HIGH POINT, N.C. (WGHP) – Here are things that happened after Springfield Friends Meeting, a Quaker church in High Point, had its first gathering:

  • 1776: The Declaration of Independence was signed, and North Carolina becomes the first “state” to vote for independence.
  • 1781: The battle of Guilford Court House ended the Revolutionary War.
  • 1789: North Carolina became the 12th state in the union, and UNC-Chapel Hill was chartered.
  • 1794: The state capital was moved from New Bern to Raleigh.
  • 1808: Greensboro was founded.
  • 1859: High Point was chartered.

The rest is history.

Yes, before all of those key events in state and Triad history, a group of Quakers gathered in the Springfield community of Guilford County and had their first meeting. That was in 1773.

This weekend, the church is taking two days to celebrate what really is a year-long event: 250 years of having provided meetings for worship to residents of the Triad. There is a concert on Saturday, and, on Sunday morning, Joshua Brown will lead the meeting for worship as he has since 2015, when he arrived from points north.

Think about that: 250 years, two and a half centuries. If the birth of the U.S. is your historical compass, then what does that say about the men and women who found their way to a gathering spot among the hardwood trees of Southern Guilford County?

The church that now stands at 555 E. Springfield Road was built in 1927, but it emerged from the original building on land purchased in 1786. The price of that land? 5 shillings.

The church grew from the first Quakers to arrive in North Carolina, an evangelistic trip in 1671 led by Brit George Fox. Greensboro became the center of the group because of the establishment of Guilford College. The movement grew when Levi Coffin of Guilford County helped to establish the Underground Railroad to help enslaved people escape during the Civil War.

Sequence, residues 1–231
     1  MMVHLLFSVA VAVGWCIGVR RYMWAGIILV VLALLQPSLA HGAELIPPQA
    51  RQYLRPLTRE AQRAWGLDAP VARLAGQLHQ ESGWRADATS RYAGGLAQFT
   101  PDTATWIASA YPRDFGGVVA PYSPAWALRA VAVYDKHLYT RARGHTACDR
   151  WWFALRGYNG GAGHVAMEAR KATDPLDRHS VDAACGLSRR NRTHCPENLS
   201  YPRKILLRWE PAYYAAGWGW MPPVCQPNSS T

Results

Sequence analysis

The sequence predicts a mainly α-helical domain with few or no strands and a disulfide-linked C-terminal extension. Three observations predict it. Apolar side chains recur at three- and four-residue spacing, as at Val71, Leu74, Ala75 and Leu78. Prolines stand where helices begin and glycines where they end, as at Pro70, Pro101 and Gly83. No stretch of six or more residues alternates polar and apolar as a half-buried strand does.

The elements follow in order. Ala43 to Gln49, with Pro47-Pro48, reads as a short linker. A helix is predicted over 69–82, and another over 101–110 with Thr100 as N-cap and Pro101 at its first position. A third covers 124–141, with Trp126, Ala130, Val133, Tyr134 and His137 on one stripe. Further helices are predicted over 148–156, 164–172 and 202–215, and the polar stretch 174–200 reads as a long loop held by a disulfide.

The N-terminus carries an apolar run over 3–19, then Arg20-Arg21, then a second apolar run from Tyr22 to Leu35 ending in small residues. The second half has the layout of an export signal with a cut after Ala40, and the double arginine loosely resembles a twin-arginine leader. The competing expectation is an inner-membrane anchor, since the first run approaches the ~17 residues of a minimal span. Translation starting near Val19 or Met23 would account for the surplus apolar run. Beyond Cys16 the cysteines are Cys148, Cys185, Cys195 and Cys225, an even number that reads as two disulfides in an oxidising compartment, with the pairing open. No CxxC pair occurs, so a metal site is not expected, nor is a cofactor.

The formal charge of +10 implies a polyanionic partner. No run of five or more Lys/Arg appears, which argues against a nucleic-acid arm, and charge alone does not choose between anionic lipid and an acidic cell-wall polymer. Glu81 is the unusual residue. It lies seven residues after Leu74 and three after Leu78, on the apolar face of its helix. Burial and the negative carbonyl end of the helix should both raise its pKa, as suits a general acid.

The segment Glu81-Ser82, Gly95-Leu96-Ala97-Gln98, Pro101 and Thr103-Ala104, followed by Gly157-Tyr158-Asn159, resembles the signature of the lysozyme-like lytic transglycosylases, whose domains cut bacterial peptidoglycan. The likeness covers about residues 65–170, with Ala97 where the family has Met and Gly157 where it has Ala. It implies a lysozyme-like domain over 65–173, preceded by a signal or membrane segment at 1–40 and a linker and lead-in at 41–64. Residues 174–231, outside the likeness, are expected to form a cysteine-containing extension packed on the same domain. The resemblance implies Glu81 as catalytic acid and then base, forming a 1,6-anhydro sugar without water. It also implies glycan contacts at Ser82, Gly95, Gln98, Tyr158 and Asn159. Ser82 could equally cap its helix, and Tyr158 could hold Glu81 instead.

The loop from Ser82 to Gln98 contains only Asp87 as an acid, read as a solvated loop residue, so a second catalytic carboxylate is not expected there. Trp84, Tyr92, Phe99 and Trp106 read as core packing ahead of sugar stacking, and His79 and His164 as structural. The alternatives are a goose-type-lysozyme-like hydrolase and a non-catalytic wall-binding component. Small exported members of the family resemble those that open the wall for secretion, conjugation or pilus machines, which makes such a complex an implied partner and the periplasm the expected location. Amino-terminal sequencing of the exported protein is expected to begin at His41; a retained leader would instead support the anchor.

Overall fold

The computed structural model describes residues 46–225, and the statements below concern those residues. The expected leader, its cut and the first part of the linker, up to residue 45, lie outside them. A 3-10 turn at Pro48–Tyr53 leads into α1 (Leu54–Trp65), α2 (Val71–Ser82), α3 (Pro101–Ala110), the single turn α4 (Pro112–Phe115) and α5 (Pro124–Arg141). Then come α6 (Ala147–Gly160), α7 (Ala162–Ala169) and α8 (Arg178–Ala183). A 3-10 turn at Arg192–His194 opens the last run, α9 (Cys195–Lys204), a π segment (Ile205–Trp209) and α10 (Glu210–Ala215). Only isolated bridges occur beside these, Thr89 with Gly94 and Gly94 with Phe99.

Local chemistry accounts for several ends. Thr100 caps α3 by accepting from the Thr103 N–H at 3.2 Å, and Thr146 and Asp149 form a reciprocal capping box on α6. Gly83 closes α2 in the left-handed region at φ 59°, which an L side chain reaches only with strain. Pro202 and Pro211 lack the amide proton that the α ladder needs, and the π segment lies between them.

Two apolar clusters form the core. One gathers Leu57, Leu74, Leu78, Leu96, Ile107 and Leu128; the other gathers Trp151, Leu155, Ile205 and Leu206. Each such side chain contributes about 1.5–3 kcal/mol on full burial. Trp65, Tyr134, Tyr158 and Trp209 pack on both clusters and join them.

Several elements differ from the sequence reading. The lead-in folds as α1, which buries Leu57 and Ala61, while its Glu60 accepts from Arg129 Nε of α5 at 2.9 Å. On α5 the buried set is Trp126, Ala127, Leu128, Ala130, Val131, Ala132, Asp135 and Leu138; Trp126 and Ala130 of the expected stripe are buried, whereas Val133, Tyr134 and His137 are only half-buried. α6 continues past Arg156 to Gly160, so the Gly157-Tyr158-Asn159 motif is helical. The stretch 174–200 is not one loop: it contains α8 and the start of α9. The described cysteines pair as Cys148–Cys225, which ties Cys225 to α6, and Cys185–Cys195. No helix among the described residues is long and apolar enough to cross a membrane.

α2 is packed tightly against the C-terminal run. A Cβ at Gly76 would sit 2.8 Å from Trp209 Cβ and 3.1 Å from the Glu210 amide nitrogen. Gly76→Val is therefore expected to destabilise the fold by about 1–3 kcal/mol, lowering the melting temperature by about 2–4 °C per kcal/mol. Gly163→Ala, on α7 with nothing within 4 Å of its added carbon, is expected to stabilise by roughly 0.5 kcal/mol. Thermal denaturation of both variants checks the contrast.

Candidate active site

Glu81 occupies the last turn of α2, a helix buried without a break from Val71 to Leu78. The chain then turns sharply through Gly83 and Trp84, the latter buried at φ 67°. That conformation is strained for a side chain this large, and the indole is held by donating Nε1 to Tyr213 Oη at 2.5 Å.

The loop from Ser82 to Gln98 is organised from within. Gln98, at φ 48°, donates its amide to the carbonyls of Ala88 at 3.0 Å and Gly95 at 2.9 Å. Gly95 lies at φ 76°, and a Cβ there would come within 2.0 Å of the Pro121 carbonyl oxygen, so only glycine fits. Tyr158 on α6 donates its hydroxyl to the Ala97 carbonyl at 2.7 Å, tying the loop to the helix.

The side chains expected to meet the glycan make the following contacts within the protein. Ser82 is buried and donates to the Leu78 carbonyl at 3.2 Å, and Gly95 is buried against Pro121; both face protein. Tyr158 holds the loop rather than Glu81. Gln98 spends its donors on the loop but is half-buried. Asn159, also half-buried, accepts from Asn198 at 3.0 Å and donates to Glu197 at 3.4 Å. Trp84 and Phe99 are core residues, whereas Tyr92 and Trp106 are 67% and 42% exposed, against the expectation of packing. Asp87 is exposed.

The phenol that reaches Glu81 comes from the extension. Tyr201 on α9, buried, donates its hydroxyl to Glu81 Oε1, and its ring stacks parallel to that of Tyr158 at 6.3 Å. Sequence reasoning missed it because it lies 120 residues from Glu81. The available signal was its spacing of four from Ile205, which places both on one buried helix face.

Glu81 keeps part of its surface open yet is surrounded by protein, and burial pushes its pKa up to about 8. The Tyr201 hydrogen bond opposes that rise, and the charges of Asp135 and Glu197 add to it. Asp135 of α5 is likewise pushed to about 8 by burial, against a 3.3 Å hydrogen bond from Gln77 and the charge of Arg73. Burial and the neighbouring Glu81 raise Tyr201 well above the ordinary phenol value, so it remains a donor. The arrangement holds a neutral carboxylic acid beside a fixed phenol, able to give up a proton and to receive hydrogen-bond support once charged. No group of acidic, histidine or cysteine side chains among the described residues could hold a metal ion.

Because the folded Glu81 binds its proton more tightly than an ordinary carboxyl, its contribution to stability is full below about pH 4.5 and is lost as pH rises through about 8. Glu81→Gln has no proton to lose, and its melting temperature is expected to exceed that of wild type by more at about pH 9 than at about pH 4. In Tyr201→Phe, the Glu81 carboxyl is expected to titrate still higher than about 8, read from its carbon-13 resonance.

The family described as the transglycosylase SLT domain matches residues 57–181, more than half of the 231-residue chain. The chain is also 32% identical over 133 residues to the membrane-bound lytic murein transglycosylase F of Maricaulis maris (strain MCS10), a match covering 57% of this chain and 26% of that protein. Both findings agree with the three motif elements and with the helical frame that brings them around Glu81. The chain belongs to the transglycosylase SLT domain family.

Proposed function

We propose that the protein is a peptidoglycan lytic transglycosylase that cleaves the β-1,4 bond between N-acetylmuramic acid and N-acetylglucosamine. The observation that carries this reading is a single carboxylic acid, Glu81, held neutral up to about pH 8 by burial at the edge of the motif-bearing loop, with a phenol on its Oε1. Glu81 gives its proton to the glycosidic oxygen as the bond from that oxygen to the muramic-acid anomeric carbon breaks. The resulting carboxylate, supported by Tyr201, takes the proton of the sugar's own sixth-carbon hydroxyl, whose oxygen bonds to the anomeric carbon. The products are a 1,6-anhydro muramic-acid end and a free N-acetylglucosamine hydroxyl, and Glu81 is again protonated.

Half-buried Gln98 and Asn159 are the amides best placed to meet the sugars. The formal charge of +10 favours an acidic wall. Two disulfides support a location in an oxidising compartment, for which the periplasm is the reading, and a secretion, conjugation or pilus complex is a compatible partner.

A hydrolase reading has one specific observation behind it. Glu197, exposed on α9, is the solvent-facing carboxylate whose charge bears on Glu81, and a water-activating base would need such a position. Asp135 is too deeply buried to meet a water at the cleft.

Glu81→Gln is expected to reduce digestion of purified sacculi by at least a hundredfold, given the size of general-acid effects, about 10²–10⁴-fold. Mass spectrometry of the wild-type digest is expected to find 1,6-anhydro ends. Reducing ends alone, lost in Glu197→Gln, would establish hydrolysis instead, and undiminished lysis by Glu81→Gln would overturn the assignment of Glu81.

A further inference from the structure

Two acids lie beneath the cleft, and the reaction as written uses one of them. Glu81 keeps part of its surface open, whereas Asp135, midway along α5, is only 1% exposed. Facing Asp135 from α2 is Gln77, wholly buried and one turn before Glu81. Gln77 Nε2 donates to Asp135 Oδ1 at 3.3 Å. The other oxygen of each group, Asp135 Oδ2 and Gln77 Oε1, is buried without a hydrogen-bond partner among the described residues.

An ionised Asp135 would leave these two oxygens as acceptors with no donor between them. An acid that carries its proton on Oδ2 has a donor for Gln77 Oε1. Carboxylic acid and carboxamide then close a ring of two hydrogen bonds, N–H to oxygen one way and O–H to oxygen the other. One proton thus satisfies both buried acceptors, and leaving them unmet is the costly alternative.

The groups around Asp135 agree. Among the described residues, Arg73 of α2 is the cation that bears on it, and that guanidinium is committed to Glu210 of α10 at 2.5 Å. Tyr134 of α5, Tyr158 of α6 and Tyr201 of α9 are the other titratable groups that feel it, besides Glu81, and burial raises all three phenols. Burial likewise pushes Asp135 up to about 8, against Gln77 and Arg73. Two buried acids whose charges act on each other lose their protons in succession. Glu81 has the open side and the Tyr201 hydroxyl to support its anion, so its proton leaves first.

What are friends for?

1st April 1809: A meeting of Quakers or members of the Religious Society of Friends. Original Artwork: Drawn and engraved by Thomas Rowlandson and A C Pugin. (Photo by Hulton Archive/Getty Images)

Quaker churches are called “Friends” for Biblical reasons. They cite the words of Jesus as written in John 15:14: “You are my friends, if you do what I command you.” Many Christians believe that Jesus was talking about all those who “love him.” In the next verse, John writes: “I have called you friends, for everything that I learned from my Father I have made known to you.There are some 81,000 Quakers who practice in the U.S. Everyone is considered a minister because of the principle that all believers know God equally and personally.

The oldest church

Springfield isn’t nearly the oldest church in North Carolina. St. Thomas Episcopal Church in Bath is considered North Carolina’s oldest church, dating back to 1734, and services continue to be held in that building, and therein is a rub. Historical markers establish that Shiloh Baptist Church in Shiloh officially was organized on Sept. 5, 1729, and had a meeting two years before that.

Visitors to the National Underground Railroad Freedom Center view an area called Commemoration, which honors African people who died on the journey to America. (Photo by Mike Simons/Getty Images)

Stops in NC

There are 185 Quaker churches in North Carolina. They use the terms “Friends” and “Meeting” in their formal names. For instance, First Friend Meeting is in Greensboro. Guilford College also was founded by Quakers and developed in the community known as New Garden. The Underground Railroad included a network in the region that various churches manifested.

Presidential impact

President Franklin Delano Roosevelt speaks in Washington in 1943. (AP Photo/Robert Clover, File)

One of the cool stories about Springfield Friends is its “Rock Gym,” a building that remains in place since its construction in 1937. As the church’s story goes, leaders from Guilford County couldn’t afford the needed gymnasium, and it was proposed that the church pursue help from the post-Depression WPA project. Church leaders couldn’t get a response from the WPA and traveled to Washington to pursue action. They went into a meeting they thought was with the chair of the WPA. They wound up confronting President Franklin D. Roosevelt, who after 15 minutes had picked up the phone and made sure the project was funded.

A lot of history

Springfield Friends operates the Museum of Old Domestic Life on its property. It includes items from families who attended the church during its early years. There is clothing, tools, furniture, saddles and many other items. Even its building is an antique: It’s a site-baked-brick building that was the Quaker meetinghouse in 1858. There’s also a very old cemetery outside. If you are looking for a specific grave, you can search its database.